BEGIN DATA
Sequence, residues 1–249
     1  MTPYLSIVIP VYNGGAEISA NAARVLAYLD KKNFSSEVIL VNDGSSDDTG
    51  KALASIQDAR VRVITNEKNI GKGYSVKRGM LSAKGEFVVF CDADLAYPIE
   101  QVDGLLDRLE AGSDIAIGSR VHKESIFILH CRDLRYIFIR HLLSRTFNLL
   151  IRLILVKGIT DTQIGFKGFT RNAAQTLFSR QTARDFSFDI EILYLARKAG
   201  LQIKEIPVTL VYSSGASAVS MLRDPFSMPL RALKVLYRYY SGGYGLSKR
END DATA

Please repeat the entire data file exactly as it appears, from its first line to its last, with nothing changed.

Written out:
Sequence, residues 1–249
     1  MTPYLSIVIP VYNGGAEISA NAARVLAYLD KKNFSSEVIL VNDGSSDDTG
    51  KALASIQDAR VRVITNEKNI GKGYSVKRGM LSAKGEFVVF CDADLAYPIE
   101  QVDGLLDRLE AGSDIAIGSR VHKESIFILH CRDLRYIFIR HLLSRTFNLL
   151  IRLILVKGIT DTQIGFKGFT RNAAQTLFSR QTARDFSFDI EILYLARKAG
   201  LQIKEIPVTL VYSSGASAVS MLRDPFSMPL RALKVLYRYY SGGYGLSKR